On 13 March 2009, the band announced a one-off concert to be held at the Liverpool Philharmonic Hall on 25 July.[17] The gig, a performance of the album No Sense of Sin, featured Coyle, Kelly and Emmer accompanied by a string quartet from the University of Huddersfield.[18]

In April 2009, Coyle and Kelly collaborated with Emmer, and announced that they were working with producer Steve Power on material for a new album called A Plug-in Called Nostalgia,[18] which has yet to be released.[19] A limited-edition acoustic album, Differance, was issued the following year as a limited release on Sylvan.[20][21]

The Lotus Eaters played their first London show in 10 years at the Camden Barfly on 11 June 2010, followed by a string of shows in the UK. The band also toured in Japan in October 2010, with gigs in Tokyo and Osaka.

In 2015, the band announced on their Facebook page that they were still working to release A Plug-in Called Nostalgia.[22]

In 2017, Coyle performed solo in a one-night-only show in Manila.[23]


Studio albums[edit]


  • "The First Picture of You" (1983, Arista Records/Sylvan Records) UK No. 15[2]
  • "You Don't Need Someone New" (1983, Arista Records/Sylvan Records) UK No. 53[2] NL No. 37
  • "Set Me Apart" (1984, Arista Records/Sylvan Records)
  • "Out on Your Own" (1985, Arista Records/Sylvan Records)
  • "It Hurts" (1985, Arista Records/Sylvan Records)
  • Stay Free EP (2001, Vinyl Japan)

Compilation albums[edit]


  1. ^ a b Roberts, David (2006). British Hit Singles & Albums (19th ed.). London: Guinness World Records Limited. p. 330. ISBN 1-904994-10-5.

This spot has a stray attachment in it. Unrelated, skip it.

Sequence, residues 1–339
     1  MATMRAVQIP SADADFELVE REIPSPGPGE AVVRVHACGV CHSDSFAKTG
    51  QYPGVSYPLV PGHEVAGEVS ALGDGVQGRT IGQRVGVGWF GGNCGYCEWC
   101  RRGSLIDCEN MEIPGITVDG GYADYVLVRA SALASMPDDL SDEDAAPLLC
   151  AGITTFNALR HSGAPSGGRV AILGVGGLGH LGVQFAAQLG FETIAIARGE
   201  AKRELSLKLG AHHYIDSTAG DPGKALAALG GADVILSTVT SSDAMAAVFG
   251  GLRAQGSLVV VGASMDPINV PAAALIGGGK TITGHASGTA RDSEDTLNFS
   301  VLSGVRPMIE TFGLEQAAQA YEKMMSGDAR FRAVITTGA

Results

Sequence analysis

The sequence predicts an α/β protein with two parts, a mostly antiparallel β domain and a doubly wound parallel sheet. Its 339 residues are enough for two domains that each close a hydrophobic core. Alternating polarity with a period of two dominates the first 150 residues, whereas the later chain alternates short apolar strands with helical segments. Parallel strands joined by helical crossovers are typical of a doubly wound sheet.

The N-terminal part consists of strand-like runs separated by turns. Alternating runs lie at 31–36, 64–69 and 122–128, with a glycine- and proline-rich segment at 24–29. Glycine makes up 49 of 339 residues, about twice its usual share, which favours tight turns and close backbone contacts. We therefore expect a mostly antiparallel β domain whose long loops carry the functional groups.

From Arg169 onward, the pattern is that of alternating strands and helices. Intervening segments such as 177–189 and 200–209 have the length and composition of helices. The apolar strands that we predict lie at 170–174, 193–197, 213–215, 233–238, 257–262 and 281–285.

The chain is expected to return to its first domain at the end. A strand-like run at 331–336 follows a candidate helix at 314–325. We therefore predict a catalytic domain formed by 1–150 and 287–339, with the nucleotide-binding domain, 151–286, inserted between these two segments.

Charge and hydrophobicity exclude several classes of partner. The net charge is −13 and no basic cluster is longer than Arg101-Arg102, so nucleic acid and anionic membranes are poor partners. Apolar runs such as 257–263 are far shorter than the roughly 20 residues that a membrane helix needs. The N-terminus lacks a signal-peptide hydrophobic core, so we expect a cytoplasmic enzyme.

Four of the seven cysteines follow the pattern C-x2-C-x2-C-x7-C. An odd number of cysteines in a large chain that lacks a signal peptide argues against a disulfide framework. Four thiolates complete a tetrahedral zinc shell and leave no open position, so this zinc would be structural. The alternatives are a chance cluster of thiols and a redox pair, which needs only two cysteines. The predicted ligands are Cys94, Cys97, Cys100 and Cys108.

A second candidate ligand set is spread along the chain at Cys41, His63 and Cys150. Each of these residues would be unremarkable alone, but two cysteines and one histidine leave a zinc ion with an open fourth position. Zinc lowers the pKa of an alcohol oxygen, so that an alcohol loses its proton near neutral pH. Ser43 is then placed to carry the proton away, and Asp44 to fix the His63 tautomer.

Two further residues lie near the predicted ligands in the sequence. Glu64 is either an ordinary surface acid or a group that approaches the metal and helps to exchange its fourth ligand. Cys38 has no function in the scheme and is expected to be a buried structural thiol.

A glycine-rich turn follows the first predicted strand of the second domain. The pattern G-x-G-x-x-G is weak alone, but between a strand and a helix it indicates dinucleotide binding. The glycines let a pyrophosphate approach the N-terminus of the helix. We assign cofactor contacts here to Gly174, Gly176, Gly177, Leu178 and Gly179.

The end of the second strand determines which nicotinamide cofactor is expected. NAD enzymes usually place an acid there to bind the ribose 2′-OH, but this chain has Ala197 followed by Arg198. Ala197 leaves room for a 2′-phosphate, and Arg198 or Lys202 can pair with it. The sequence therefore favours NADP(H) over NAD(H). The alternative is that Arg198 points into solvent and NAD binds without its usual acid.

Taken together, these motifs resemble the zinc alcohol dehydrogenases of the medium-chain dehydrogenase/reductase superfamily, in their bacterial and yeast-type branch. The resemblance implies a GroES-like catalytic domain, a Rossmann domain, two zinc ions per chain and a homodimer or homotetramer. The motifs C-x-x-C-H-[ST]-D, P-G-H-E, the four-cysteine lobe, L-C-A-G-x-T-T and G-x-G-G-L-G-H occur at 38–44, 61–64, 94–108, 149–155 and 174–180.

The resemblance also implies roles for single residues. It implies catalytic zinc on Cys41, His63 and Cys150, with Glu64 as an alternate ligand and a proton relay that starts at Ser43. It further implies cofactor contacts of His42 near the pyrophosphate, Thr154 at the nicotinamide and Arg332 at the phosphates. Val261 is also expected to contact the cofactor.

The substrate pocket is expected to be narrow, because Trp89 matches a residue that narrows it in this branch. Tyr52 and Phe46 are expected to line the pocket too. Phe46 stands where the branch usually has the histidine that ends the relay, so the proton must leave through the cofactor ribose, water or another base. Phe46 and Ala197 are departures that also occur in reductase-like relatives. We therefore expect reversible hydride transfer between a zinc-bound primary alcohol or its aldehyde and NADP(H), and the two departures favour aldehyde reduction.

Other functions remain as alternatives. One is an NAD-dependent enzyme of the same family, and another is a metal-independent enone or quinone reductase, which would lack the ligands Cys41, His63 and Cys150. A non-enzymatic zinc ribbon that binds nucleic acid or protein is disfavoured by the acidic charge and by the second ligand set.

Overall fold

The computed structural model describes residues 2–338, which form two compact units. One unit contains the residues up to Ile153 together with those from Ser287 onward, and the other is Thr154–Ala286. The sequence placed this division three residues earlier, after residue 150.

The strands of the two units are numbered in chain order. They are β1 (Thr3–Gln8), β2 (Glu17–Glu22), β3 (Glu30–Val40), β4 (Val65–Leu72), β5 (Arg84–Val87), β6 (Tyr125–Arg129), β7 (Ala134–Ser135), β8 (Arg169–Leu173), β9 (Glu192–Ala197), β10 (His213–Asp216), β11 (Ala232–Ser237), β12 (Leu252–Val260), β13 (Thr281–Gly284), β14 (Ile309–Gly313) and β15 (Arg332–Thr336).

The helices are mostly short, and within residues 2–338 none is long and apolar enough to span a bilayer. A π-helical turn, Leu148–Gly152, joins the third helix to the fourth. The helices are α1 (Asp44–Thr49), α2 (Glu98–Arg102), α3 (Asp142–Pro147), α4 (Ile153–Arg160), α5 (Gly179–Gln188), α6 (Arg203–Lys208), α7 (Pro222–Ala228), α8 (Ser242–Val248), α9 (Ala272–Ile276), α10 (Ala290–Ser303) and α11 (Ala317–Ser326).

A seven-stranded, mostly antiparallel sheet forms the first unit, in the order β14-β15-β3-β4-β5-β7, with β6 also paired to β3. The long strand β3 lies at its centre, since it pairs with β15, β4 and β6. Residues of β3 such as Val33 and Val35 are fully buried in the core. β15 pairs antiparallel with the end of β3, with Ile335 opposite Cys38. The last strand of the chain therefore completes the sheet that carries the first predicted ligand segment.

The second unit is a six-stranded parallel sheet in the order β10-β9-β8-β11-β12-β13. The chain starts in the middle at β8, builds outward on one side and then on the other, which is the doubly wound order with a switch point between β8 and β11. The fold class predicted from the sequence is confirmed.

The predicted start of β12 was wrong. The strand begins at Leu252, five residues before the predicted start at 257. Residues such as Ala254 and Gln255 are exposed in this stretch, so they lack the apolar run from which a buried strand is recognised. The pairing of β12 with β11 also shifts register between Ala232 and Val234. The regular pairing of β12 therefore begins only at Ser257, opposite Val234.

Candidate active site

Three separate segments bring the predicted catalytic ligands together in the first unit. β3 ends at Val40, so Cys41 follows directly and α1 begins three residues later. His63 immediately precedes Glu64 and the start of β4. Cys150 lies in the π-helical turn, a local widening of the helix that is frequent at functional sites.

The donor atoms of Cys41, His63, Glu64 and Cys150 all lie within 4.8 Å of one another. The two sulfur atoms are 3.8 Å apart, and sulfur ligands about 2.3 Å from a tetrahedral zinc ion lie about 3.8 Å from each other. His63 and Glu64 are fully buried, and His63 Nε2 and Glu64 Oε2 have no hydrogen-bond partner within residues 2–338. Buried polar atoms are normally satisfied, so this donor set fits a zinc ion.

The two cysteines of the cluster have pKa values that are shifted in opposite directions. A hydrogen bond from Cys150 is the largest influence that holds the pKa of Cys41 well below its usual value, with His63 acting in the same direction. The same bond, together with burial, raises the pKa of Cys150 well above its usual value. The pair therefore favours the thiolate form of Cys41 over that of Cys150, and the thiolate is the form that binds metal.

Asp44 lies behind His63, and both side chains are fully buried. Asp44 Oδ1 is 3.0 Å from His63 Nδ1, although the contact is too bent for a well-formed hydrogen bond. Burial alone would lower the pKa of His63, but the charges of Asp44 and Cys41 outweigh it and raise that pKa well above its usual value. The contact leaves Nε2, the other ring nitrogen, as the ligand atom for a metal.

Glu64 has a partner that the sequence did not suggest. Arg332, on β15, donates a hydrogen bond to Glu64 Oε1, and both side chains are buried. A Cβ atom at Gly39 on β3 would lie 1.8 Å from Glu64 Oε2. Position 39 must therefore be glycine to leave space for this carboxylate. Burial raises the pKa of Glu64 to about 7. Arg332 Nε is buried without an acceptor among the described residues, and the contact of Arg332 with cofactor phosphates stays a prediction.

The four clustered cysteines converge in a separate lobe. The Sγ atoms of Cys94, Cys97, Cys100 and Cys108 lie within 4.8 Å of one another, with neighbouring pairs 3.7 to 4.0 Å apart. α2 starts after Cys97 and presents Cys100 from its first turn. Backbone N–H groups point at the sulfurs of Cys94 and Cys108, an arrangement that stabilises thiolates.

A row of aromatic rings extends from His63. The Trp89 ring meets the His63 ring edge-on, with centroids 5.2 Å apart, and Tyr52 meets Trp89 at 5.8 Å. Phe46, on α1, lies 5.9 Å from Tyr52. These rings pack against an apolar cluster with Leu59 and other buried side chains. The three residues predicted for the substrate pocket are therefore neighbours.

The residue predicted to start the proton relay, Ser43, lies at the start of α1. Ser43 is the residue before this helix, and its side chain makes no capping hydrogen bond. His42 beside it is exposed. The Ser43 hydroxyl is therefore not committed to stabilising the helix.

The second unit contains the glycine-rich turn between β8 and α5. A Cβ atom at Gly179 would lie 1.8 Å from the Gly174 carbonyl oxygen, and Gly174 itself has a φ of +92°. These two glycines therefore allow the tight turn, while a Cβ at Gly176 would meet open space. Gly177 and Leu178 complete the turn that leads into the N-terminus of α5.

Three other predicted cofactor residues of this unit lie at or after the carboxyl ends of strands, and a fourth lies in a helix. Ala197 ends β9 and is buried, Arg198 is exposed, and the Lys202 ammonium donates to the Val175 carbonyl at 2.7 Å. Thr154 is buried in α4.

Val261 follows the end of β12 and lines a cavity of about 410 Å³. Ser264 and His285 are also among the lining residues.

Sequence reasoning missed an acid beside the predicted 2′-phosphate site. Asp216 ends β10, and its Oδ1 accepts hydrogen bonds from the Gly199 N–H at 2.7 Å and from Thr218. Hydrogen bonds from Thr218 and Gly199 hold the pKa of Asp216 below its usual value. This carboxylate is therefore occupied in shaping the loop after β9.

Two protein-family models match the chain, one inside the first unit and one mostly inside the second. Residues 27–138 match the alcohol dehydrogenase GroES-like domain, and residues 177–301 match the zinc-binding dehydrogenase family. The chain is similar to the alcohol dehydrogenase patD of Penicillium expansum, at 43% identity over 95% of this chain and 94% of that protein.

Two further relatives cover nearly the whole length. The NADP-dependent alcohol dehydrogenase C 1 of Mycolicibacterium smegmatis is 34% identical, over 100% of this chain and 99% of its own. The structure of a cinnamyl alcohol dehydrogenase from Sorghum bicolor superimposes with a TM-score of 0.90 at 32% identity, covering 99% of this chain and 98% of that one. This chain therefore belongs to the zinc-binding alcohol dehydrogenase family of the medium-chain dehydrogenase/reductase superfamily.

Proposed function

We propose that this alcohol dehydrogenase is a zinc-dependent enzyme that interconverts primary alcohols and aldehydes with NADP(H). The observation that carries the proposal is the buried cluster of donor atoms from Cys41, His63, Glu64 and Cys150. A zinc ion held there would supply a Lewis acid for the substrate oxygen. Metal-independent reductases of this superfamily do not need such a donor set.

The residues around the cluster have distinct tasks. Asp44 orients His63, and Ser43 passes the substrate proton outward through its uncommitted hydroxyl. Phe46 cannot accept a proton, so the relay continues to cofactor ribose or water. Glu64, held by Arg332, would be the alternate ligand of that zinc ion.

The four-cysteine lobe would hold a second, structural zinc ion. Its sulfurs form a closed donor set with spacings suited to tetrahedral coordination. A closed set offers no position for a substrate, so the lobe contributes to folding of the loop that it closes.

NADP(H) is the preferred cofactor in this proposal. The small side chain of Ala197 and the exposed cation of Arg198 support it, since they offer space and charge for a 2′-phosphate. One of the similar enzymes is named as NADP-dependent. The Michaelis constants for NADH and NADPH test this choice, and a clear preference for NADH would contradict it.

2. ^ a b c d e Strong, Martin C. (2003). The Great Indie Discography. Canongate. p. 571. ISBN 1-84195-335-0. 
  3. ^ "BBC – Radio 1 – Keeping It Peel – 19/10/1981 Jass Babies". BBC. Retrieved 5 January 2015. 
  4. ^ First Picture of You (CD liner notes). 
  5. ^ "BBC – Radio 1 – Keeping It Peel – 02/10/1982 Lotus Eaters". BBC. Retrieved 5 January 2015. 
  6. ^ "BBC – Radio 1 – Keeping It Peel – 05/10/1983 Lotus Eaters". BBC. Retrieved 5 January 2015. 
  7. ^ "Release details for Lotus Eaters - First Picture Of You on the Vinyl Japan record label, catalogue number: ASKCD77". Retrieved 2016-04-27. 
  8. ^ "Homage to Lulu". 2014-06-20. Retrieved 2016-04-27. 
  9. ^ Sutton, Michael. "Peter Coyle | Biography | AllMusic". AllMusic. Retrieved 5 January 2015. 
  10. ^ "peter coyle fractal | the raw edges of passion | Bio". Retrieved 2016-04-27. 
  11. ^ "Department of Film, Theatre & Television - University of Reading". Retrieved 2016-04-01. 
  12. ^ "Bucks Performing Arts (Film TV & Stage): Research performance by Dr. Jem Kelly". 2015-03-24. Retrieved 2016-04-27. 
  13. ^ "repeaterperformance: Phantoms of the Aperture". Retrieved 2016-04-01. 
  14. ^ "The Lotus Eaters - No Sense Of Sin". 2010-03-10. Retrieved 2016-04-27. 
  15. ^ Sutton, Michael. "The Lotus Eaters | Music Biography, Streaming Radio and Discography | AllMusic". AllMusic. Retrieved 5 January 2015. 
  16. ^ Sutton, Michael. "Silentspace – The Lotus Eaters | Songs, Reviews, Credits, Awards | AllMusic". AllMusic. Retrieved 5 January 2015. 
  17. ^ Wright, Jade. "Lotus Eaters relish return to home stage at Liverpool's Philharmonic Hall". Liverpool Echo. Retrieved 2016-04-27. 
  18. ^ a b "peter coyle fractal | the raw edges of passion | News : the lotus eaters playing live at the liverpool philharmonic hall july 25th". 2009-03-13. Retrieved 2016-04-27. 
  19. ^ "peter coyle fractal | the raw edges of passion | Home". Retrieved 2016-04-27. 
  20. ^ "The Lotus Eaters - Differance (CD, Album)". Retrieved 2016-04-27. 
  21. ^ "news". Retrieved 2016-04-27. 
  22. ^ "The Lotus Eaters UK". Facebook. Retrieved 2016-04-27. 
  23. ^ "Peter Coyle 2017 Manila [DOLBY] - YouTube". YouTube. Retrieved 22 January 2018. 

External links[edit]